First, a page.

Are You Ready for Lasting, Positive Change? by Emily Wilska

The article below applies to your running as well as your life. My job as a coach is to keep you focused and organization is a key. Having a person or group for accountability to help you with your plan makes a big difference. That is why I started the Sole Runners Full and Half Marathon Training Programs. Look for more organization tips to help you with your scheduling, running and life. Organized Focused, Steve Mackel – MarathonTraining.TV Founder

“Are You Ready for Lasting, Positive Change?” by Emily Wilska

With 2011 just days away, you, like millions of others, may be setting resolutions for the months ahead. Whether your goals involve getting more organized, adopting healthier habits, taking control of your finances, or improving some other area of your life, you’re far more likely to succeed if you do a bit of advance planning.

Here are a few questions to keep in mind that will help set you up for success as you choose your resolutions for the new year.

#1: Does my motivation come from within?
Adopting a resolution because you truly want to make a change, rather than because someone else thinks you should, will make you more likely to do what it takes to achieve it without resenting it. If the goal you have in mind isn’t one you’d choose on your own, consider an alternative.

#2: Is my resolution realistic?
Ambitious goals can be motivational, but if they’re not tempered by a dose of realism, they can be very hard to achieve. As you set your resolutions, aim to make them challenging but doable: rather than hoping to lose 20 pounds a month, for example, aim for losing 5 or 6 pounds at a time, and then keeping them off throughout the year.

#3: Do I have a plan?
One of the quickest ways to see your resolutions derailed is to try to achieve them without first creating a plan for each. Give yourself a leg up by defining solid steps that will help you work toward accomplishing your goals. Want to get more organized, for example? Take the time to write up a plan for weeding out what you don’t need, creating storage for the items you keep, and developing habits that will help you stay organized over the long term.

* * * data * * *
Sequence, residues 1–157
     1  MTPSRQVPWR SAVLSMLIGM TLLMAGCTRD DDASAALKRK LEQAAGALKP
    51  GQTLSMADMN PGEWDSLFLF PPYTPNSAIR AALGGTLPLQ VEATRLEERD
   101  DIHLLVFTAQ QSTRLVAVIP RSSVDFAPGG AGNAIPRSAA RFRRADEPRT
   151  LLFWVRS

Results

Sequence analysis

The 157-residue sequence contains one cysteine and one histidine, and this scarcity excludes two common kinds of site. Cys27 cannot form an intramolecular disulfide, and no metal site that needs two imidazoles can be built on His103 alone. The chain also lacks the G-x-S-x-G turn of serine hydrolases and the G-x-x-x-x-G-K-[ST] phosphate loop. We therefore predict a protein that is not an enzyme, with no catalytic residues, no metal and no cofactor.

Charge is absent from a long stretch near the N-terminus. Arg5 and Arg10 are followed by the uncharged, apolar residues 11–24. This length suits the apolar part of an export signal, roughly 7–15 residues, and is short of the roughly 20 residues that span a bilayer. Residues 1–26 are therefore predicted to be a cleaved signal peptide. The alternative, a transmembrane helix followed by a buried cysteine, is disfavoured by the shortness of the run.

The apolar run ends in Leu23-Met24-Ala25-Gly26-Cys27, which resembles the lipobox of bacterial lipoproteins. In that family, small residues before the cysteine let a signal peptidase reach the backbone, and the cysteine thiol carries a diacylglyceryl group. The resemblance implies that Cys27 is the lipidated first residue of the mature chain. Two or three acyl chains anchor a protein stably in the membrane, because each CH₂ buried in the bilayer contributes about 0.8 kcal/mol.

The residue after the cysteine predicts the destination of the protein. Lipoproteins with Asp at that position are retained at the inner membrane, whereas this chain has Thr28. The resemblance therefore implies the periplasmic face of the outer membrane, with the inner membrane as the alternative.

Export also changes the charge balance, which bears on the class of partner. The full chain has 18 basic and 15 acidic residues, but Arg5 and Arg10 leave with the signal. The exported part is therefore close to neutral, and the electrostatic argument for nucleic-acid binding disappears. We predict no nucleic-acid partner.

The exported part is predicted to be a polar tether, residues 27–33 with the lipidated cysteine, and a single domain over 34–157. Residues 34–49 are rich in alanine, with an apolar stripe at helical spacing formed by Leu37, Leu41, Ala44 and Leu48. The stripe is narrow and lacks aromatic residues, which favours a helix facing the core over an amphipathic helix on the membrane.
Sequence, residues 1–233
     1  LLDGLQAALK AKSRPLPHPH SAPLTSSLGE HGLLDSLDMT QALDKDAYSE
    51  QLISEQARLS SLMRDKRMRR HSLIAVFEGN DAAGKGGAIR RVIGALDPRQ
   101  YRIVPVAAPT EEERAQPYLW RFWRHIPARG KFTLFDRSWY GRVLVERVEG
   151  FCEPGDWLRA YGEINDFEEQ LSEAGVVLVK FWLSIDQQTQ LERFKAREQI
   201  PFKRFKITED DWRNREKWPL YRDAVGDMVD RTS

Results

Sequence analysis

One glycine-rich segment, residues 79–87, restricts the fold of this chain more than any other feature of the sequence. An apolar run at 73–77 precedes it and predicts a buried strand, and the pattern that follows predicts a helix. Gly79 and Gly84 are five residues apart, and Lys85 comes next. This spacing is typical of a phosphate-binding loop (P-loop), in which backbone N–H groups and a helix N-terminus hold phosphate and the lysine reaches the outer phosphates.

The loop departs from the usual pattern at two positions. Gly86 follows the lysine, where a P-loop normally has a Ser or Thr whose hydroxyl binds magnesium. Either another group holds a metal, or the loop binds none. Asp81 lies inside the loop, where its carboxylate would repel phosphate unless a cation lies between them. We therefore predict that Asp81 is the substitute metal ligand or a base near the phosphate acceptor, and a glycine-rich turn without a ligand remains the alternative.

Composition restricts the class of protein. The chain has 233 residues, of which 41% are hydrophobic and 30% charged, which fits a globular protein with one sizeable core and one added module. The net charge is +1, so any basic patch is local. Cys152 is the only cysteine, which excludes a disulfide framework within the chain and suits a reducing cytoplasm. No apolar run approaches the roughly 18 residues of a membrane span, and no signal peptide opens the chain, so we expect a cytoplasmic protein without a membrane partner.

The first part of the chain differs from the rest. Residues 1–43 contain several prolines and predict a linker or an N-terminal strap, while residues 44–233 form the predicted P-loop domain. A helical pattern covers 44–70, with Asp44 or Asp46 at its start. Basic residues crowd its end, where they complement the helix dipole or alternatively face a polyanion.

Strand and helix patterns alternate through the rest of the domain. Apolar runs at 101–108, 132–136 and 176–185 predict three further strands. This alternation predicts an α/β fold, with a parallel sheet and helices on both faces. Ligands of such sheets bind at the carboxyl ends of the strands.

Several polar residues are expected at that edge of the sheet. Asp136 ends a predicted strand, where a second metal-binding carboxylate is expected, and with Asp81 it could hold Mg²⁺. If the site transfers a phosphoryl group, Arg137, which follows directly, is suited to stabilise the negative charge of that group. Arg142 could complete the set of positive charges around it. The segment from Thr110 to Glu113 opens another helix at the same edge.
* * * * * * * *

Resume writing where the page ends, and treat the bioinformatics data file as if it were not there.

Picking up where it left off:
#4: Do I have a support system?
No matter what your resolution, chances are it’ll be easier to achieve if you don’t have to go it alone. Find a supportive, nonjudgmental friend, family member, neighbor, or online buddy who can help you get through the rough patches en route to your goal and celebrate your successes.

#5: Am I prepared for obstacles?
No matter how motivated, well prepared, and supported you may be, chances are you’ll run into at least a few snags as you work toward making your resolution a reality. To ensure that these hurdles don’t trip you up completely, it’s important, first and foremost, to be aware that they’re likely to appear: if you’re aiming to eat healthier, for example, you can expect some moments of temptation when you’re faced with less nutritious foods. Believing that you’ll be able to accomplish your goal without facing any challenges is unrealistic, and can make it even more demotivating when you do trip up.

The next step in overcoming obstacles is to prepare in advance for how you’ll overcome them. If you expect that you might be tempted by junk food, what will you do? If your goal is to exercise more, how will you handle those days on which you’d rather do anything other than hit the gym or go for a walk? Having solutions at hand to overcome the hurdles you think you might encounter will make it easier to deal with them–and then to continue on toward your goal.

Whatever your resolution for the year ahead, use these five questions to create a plan that will make it much more likely that, come late December next year, you’ll be celebrating 12 months of success.

Emily Wilska is the Organization Editor for

Posted with permission from Emily Wilska


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